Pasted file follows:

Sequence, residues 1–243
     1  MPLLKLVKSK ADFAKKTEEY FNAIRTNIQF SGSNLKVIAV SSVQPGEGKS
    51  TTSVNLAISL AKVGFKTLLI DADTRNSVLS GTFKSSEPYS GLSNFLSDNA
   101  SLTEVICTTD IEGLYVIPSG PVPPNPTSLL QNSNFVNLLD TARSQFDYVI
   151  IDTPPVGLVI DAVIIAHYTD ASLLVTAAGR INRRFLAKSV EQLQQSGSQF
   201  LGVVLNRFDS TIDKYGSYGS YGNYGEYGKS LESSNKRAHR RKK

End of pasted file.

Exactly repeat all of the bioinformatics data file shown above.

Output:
Sequence, residues 1–243
     1  MPLLKLVKSK ADFAKKTEEY FNAIRTNIQF SGSNLKVIAV SSVQPGEGKS
    51  TTSVNLAISL AKVGFKTLLI DADTRNSVLS GTFKSSEPYS GLSNFLSDNA
   101  SLTEVICTTD IEGLYVIPSG PVPPNPTSLL QNSNFVNLLD TARSQFDYVI
   151  IDTPPVGLVI DAVIIAHYTD ASLLVTAAGR INRRFLAKSV EQLQQSGSQF
   201  LGVVLNRFDS TIDKYGSYGS YGNYGEYGKS LESSNKRAHR RKK